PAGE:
Bounce. Bounce. Bounce. Bounce. Giggle. Bounce. Giggle. Bounce. Bounce. Huge laugh.
“Ami. Ami. Amiiiiiiiiiii.” That’s Urdu for mommy. “Come see me. I jumping high,” Kamran sang to me Monday morning.I was brushing my teeth five feet away. Huffing and puffing he made up his own version of the silly song. “So many monkeys jumping on the bed. Two fell off and bumped its head. Mommy called doctor and doctor said…” as he lost his footing and sailed into the bedpost and thwacked his browbone. I heard it.
I turned to see a bruise the size of a doorknob under his left eye and tears the size dinner plates coursing down his face. So I exaggerate a little. His sobs were loud. When your baby is injured everything slows down. You imagine reaching into the ether and with a few well-placed clicks turning the dial back, nudging the toddler to the left so he falls on the goose-down pillow, the pile of laundry, anything but the bloody bedpost.
Dear husband cusses me out for “letting him jump on the furniture.” I actually don’t mind that he jumps on the furniture, not even in the living room. He’ll only be two years old once and it’s only for a few more years that he’ll be sailing through the air in that wonderful delirium unaware of the laws of gravity and the brutality that high school physics holds for him. I love to watch him jump. I don’t love that I let him fall.
I am a Class A klutz. I wish there were Olympics of clumsiness because I would have Nike, Gatorade, AMEX, and whoever else the big kahunas are right now, beating a path to my door to sponsor me. My home would be littered with gold medals and citations from prime ministers and presidents and other heads of state.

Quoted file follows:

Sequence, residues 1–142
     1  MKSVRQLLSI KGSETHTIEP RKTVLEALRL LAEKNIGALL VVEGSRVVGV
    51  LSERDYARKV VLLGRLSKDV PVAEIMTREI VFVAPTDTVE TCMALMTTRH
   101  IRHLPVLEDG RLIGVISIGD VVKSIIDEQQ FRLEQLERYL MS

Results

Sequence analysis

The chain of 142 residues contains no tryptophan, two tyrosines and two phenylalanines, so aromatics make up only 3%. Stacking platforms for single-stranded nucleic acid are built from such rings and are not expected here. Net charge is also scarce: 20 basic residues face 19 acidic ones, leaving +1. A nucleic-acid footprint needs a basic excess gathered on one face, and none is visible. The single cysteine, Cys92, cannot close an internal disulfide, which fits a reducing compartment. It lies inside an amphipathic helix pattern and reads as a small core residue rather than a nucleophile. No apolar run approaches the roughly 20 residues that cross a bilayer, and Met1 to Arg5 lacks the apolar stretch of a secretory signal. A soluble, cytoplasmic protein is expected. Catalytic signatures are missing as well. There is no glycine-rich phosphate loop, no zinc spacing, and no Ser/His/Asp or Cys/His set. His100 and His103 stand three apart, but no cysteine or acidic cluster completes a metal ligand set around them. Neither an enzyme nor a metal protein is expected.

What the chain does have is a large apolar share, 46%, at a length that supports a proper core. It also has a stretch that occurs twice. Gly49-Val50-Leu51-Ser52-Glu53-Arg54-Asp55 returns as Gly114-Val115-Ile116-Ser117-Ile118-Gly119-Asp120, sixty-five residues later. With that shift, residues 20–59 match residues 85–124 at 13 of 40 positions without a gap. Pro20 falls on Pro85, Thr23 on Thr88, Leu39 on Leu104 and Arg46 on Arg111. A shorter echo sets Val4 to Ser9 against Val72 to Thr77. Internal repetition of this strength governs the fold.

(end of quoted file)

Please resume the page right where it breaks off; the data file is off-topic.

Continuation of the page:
When I was two years old, I fell off a boat and 20 feet down onto a dock and lay frothing at the mouth. My mother thought I was dead. At 10 I was swinging from a tree branch when the branch broke and I hurtled to the earth. I was taken to the ER unconscious.
At 12 I was riding my bike to school and was the victim of a hit-and-run. The police never found the car or the runaway driver.
In my 20s, I fell off a train in Switzerland (it wasn’t moving) and wrenched my neck and back. I’ve stepped on nails but never slipped on a banana peel, fallen walking UP the stairs, broken my ankle multiple times most recently two years ago while walking down ONE step at Toronto’s Harbourfront.
I've had tropical diseases (all completely cured now), fevers that refused to break, been thrown from horses, chased by cows, bitten by donkeys, chickens, ducks, birds, I’ve wrenched my neck, had a slipped disc…
This is a boring, scary list. I don’t want my Kamran to inherit any of this. How do I prevent it from happening? Can someone tell me? I’ve enrolled him in swimming, baby soccer and football and some other class to work on his fine and gross motor skills. I guess it’s a start to keep my precious monkey from falling off the bed in the future.